With the possible exception of rain streaks, the pictures from the rally are his image of himself and the country. Following his speech, Trump kept retweeting images of his own limo leaving the White House, of fighter jets flying, of the red stage and a strange cross-like formation of red elevated platforms, and of himself speaking. In these pictures, Trump is the supreme ruler of the mightiest military empire in the history of the world and his people are with him in the public square. Nothing else exists.

In 1964, the New Yorker's Richard H. Rovere wrote about the enthusiastic Southern crowds who gathered to hear Sen. Barry Goldwater, who must rank alongside Jim Crow white supremacists like Orval Faubus and George Wallace as one of Trump's ideological forefathers:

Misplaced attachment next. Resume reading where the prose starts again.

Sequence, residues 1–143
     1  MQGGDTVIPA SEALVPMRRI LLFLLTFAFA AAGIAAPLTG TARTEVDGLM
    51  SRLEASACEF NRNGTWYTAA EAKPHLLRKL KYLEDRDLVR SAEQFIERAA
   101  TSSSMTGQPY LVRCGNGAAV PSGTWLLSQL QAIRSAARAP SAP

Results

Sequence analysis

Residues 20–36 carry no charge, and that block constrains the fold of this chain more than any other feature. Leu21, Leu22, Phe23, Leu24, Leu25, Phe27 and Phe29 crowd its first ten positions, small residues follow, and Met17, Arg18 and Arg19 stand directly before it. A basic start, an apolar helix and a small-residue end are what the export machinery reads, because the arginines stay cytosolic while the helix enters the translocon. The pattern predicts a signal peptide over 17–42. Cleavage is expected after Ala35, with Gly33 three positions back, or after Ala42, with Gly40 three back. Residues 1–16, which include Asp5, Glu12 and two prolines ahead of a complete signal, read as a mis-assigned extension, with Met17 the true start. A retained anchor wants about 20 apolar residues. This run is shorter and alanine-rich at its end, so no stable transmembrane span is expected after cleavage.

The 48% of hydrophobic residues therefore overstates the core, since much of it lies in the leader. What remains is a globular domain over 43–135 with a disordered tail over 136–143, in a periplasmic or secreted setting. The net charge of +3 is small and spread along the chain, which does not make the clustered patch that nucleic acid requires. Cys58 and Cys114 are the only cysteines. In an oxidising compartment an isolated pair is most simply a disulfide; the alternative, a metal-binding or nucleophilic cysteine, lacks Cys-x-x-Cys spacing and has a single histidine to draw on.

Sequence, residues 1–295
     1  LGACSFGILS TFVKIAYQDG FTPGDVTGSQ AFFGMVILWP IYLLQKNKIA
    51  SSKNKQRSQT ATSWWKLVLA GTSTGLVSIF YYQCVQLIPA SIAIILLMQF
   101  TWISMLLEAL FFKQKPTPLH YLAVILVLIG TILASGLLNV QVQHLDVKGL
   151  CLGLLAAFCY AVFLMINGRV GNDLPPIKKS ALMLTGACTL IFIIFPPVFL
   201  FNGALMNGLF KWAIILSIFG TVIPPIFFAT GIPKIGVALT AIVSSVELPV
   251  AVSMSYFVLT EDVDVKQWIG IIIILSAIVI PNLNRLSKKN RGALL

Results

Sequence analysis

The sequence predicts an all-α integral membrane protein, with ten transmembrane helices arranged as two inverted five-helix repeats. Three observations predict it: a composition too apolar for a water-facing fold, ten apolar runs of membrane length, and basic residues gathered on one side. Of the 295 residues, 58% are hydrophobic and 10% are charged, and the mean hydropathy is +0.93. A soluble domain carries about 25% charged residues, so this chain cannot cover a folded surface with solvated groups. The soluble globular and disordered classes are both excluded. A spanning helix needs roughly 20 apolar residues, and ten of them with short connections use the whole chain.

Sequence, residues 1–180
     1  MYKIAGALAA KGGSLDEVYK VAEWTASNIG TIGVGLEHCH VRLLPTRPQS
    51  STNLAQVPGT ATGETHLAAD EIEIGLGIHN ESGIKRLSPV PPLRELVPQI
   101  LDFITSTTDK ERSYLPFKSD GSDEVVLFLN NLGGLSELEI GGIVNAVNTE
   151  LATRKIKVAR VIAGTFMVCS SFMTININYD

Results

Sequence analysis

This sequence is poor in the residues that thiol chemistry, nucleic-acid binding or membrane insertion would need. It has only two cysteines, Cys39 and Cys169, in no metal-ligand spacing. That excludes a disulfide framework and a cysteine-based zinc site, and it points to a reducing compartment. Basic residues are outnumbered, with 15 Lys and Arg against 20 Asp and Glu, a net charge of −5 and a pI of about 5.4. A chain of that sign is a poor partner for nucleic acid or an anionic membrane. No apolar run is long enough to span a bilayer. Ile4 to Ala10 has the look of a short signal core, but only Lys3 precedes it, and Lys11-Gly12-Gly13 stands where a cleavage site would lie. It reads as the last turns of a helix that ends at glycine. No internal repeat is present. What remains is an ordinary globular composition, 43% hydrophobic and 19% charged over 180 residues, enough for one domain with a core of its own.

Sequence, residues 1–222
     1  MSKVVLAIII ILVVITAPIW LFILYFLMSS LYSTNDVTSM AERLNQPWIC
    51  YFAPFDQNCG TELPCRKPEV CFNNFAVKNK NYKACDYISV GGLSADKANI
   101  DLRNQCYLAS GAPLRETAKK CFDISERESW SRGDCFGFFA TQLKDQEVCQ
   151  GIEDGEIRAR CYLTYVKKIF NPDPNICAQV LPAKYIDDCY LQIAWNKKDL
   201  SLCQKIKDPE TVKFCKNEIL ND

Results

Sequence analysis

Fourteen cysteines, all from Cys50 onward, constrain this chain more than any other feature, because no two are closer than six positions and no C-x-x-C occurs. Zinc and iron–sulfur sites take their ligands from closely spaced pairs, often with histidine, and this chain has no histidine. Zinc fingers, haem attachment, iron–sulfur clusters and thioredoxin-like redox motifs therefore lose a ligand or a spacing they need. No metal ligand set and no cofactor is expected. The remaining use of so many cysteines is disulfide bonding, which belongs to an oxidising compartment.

The quality of this enthusiasm, one felt, was essentially non-political. These were not really political rallies — they were revels, they were pageants, they were celebrations. The aim of the revellers was not so much to advance a candidacy or a cause as to dramatize a mood, and the mood was a kind of joyful defiance, or defiant joy. By coming South, Barry Goldwater had made it possible for great numbers of unapologetic white supremacists to hold great carnivals of white supremacy. They were not troubled in the least over whether this would hurt the Republican Party in the rest of the country. They wanted to make — for their own satisfaction, if for no one else’s — a display of the fact that they had found and were enjoying membership in one organization that was secure against integration, because it had made itself secure against Negro aspirations; as long as they could put on shows of this kind, no Negro would ever want in.